Madison, Wisconsin

Bob & Jan Ross

Bob & Jan Ross

We’re passionate about birds and nature. That’s why we opened a Wild Birds Unlimited Nature Shop in our community.

Madison, Wisconsin

8402 Old Sauk Road
Madison, WI 53562

Phone: (608) 664-1414
Fax: (608) 664-1416
Email: Send Message

Store Hours:
Mon - Fri: 9:00 am - 7:00 pm
Sat: 9:00 am - 6:00 pm
Sun: 11:00 am - 5:00 pm

Comments:
Location: We are located just West of the Beltline exit to Old Sauk Road about 1.5 blocks, just west one store after the Walgreens on your right, at the intersection of Old Sauk Road and Junction Road.

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Common Myths about Birds and Feeding Birds

 

1) DOES WINTER BIRD FEEDING PROMOTE


DEPENDENCY?

 

MARGARET C. BRITTINGHAM 1 AND STANLEY A. TEMPLE

 

Department of Wildlife Ecology


University of Wisconsin


Madison, Wisconsin 53706 USA

 

Research Abstract.--Winter bird feeding is generally assumed to


benefit the birds using this food source, but there are some potential


risks associated with bird feeding. One assumption is the risk that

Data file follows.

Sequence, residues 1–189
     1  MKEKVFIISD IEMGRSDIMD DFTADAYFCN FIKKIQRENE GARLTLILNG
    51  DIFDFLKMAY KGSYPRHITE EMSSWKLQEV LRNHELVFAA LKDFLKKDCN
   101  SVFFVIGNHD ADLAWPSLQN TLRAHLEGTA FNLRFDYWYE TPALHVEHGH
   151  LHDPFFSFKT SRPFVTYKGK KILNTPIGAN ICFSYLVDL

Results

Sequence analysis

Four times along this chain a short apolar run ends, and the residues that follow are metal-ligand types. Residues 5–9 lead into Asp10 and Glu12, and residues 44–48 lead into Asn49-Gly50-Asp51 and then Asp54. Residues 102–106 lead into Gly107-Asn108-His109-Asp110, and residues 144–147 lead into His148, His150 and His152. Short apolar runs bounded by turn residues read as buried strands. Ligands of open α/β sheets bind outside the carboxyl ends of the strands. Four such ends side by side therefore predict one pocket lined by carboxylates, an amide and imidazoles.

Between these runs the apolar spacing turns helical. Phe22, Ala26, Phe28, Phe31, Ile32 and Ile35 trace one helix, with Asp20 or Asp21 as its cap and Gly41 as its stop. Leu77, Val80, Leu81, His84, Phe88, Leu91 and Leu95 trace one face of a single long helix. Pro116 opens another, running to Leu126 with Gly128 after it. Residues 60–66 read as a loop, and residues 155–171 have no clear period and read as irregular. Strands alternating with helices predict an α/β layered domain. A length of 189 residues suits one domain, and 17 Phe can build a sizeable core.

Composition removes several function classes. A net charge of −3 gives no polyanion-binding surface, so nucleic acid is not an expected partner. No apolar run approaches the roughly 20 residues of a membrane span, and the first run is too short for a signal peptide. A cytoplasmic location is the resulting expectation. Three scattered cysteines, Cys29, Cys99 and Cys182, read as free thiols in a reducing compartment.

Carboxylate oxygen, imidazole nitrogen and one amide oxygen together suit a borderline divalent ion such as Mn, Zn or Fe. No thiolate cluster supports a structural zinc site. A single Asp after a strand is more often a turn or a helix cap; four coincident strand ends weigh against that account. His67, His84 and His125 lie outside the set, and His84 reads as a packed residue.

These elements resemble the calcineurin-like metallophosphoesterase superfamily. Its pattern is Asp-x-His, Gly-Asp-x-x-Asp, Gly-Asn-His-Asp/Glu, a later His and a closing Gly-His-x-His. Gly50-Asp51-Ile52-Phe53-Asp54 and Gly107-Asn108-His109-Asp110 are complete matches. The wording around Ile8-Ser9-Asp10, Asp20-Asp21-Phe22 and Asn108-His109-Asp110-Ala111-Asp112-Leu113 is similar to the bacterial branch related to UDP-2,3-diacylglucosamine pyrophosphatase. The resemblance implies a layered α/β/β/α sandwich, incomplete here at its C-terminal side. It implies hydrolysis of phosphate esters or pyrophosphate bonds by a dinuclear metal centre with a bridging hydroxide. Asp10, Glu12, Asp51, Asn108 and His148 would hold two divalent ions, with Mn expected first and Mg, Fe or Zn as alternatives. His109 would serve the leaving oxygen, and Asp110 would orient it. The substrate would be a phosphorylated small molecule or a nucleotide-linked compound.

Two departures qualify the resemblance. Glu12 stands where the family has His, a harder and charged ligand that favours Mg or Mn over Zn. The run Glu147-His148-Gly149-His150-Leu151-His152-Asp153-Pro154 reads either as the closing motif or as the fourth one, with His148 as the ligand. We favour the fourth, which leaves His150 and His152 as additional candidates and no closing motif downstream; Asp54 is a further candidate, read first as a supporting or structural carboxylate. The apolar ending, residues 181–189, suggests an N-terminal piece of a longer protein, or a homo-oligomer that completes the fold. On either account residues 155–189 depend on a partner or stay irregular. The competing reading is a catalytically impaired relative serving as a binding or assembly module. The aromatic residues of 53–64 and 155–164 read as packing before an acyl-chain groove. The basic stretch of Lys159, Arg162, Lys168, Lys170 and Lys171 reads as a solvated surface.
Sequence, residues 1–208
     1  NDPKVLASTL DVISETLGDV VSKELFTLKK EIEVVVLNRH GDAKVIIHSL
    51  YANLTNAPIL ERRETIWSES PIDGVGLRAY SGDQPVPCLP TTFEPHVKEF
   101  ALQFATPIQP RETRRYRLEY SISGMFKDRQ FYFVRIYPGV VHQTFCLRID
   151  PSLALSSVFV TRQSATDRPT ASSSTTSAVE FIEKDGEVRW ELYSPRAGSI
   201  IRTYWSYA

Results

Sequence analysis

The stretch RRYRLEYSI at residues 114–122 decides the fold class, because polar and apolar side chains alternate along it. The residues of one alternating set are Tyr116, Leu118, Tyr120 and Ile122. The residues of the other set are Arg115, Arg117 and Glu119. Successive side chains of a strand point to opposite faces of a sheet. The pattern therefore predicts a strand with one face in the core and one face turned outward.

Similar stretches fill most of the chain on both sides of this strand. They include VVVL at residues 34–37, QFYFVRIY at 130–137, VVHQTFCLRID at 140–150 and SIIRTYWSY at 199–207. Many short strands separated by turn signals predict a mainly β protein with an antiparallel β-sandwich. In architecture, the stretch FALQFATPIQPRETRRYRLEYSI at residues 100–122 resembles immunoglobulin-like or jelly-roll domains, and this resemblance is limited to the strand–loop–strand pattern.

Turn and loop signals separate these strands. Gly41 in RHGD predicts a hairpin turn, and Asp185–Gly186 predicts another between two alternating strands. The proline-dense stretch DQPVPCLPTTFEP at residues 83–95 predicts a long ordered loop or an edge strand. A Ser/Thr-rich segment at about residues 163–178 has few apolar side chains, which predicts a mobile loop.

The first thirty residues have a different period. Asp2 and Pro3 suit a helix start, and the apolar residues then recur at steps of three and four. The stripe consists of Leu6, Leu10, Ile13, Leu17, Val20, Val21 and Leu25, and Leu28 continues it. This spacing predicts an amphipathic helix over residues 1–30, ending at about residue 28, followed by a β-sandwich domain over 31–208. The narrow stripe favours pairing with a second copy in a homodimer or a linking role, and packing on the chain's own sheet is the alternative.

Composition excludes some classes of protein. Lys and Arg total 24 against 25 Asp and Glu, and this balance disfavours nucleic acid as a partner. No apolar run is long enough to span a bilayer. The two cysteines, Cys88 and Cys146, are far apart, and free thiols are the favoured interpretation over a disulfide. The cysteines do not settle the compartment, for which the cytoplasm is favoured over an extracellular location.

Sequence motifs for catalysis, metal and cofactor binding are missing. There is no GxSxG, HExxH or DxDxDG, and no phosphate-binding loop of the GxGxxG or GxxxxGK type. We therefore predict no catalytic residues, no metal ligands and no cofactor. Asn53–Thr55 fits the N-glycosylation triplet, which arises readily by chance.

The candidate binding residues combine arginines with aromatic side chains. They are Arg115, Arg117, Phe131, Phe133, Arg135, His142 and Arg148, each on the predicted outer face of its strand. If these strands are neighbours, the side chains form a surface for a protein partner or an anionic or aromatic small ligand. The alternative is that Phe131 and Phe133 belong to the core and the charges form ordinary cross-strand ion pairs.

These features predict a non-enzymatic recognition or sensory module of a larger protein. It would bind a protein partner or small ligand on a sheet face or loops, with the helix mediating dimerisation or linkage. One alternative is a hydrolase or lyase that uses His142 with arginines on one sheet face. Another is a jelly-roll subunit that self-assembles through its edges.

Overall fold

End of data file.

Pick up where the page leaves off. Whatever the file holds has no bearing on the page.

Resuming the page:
individuals using feeders may become overly dependent on this

 

supplemental food supply and either fail to develop or lose the skills needed to forage efficiently on natural food when feeders are not available.

 

Survival rates of a resident population of Black-capped Chickadees

 

(Parus atricapillus) that were regular feeder users, and thus

 

potentially dependent, were compared with those of a resident

 

population of chickadees that had never been exposed to a bird

 

feeder, during a winter when feeders were not available to either

 

group.

 

No difference was found betweent he average( +SD) monthly survival

rates of chickadees that had used feeders in the past (0.84 + 0.13)

and those that had never used feeders( 0.85 q- 0.12).


There was no evidence that bird feeding promotes dependency.

 

The Cornell Lab of Ornithology states in their FeederWatch

information that bird feeders are very unlikely to create dependency.

Birds have evolved as wide-ranging foragers. They visit several food

sources during the course of a typical day, and a feeder is likely to

be only one of many stops on their daily route. However, the Lab

does suggest maintaining feeders, if at all possible, during the

coldest weather, particularly if the ground is frozen or snow covered.

 

2)  Will feeding birds in late summer stop

 

their migration?

 

Some people believe they should stop feeding birds right after

Labor Day because the birds’ southward migrations will be

interrupted. However, a bird’s migratory urge is primarily

triggered by day length (photoperiod), and even an abundance

of foods at your feeders will not make a bird resist that urge. In

fact, your feeder might provide a needed energy boost along a

bird’s migration route.

 

From “Project Feederwatch” Cornell Laboratory of Ornithology